Like his hero, Jimi Hendrix, Ralph Woodson took up the guitar at age 15.
But by age 27, his life had taken a much different path.
While Hendrix was considered a guitar god at 27 — someone who had left an unforgettable imprint on rock music — Woodson at 27 was a father of three and a salesman at Pacific Electric Supply.
“I wasn’t able to do like Jimi when I was young and just play all the time,” Woodson said. “I had to put the guitar down and go get a job.”
But now, with his kids grown, Woodson is making up for lost time. And, once again, he is back on the Hendrix track, knocking out distortion-heavy Hendrix licks in his tribute band, Purple Haze.
“It’s like a dream come true to do this for a living,” said Woodson, who will bring Hendrix music to life at The Ranch in San Miguel Saturday. Opening for Purple Haze will be Vu Doo Lounge, a Rolling Stones tribute band.
Woodson’s appreciation for Hendrix began the year Hendrix
died, in 1970. After hearing the song “Machine Gun,” he was hooked. And somehow Woodson connected that song — and Hendrix’s untimely death — to the death of his oldest brother, who was killed in an Oakland street fight that same year.
“When I heard ‘Machine Gun,’ I had never heard an instrument that sounded like that,” Woodson said. “But the spiritual aspect connected right away. I could tell — this was church.”
Only 10 at the time, Woodson couldn’t get a guitar right away because he was one of nine children, and his parents couldn’t afford an instrument. But when he was old enough, he found work that would allow him to buy one.
“I ended up getting a job at the Wienerschnitzel, cleaning the bathroom, so I could earn enough money to buy a used guitar,” he said. “As soon as I got enough money to buy a used guitar, I quit the job.”
Upon buying his own six-string, Woodson immediately began teaching himself Hendrix songs.
“That’s how I learned to play — sitting down, listening to Hendrix songs over and over,” he said.
Woodson played in several bands before forming the Ralph Woodson Trio, an original rock band that occasionally played Hendrix covers. Then, having played Hendrix songs for so long, he eventually decided to go with a tribute band in 2001.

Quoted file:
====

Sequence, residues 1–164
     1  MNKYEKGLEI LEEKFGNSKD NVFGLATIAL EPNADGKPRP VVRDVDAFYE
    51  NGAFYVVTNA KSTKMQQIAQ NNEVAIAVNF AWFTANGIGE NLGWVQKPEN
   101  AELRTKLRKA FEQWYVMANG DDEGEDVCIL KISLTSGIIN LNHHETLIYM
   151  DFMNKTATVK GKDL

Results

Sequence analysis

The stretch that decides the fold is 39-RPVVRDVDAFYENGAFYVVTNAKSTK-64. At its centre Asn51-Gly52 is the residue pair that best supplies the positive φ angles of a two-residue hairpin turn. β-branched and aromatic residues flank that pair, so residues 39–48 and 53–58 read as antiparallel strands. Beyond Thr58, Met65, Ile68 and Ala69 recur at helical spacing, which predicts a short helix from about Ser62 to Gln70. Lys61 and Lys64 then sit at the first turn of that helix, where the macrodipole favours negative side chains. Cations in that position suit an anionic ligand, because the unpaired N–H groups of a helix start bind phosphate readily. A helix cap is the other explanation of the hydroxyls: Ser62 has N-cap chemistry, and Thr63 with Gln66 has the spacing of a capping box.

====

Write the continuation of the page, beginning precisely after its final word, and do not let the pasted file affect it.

Which, of course, gave him an excuse to buy some funky clothes.
“I found some nice vests from this lady that were hand-made in Afghanistan,” Woodson said. “They look real Hendrix-y. And we go to Goodwill stores and look for old stuff.”
At 50, he’s almost twice the age Hendrix was when he died. But he captures the essence of Hendrix’s playing, which combined technical proficiency with innovations in sound.
“As far as innovation and creativity, I think he’s still the No. 1 guitarist today,” Woodson said. “Take ‘Purple Haze,’ for example. Real simple song. It’s not that complicated. But who would have thought of that?”
While he plays the familiar Hendrix licks, Woodson also adds a few of his own.
“It’s more interesting than just playing it all note-for- note — to interject your own emotion into it,” said Woodson, who plans to release a solo album of original music, “Incredible Dreamer,” this fall.
Playing on an old Stratocaster once owned by Journey’s Neal Schon, Woodson confidently takes on Hendrix’s work, backed by drummer Dan Cueva and bass player Pete Roberts. Yet, he admits, Hendrix had the advantage of bigger hands, which helped him to play bass notes on guitar.
“Old blues players used to use their thumb to play bass notes, and Hendrix was the best at that,” Woodson said.
Before Hendrix died, the guitarist was exploring different kinds of music. And Woodson thinks Hendrix would have explored other genres had he lived through the ’70s.
“I think when disco was happening, he would have been doing jazz fusion,” Woodson said. “I think he and Miles Davis and Stanley Clarke and Chick Corea and all of those people would have somehow mingled. It was just about to happen with him and Miles.”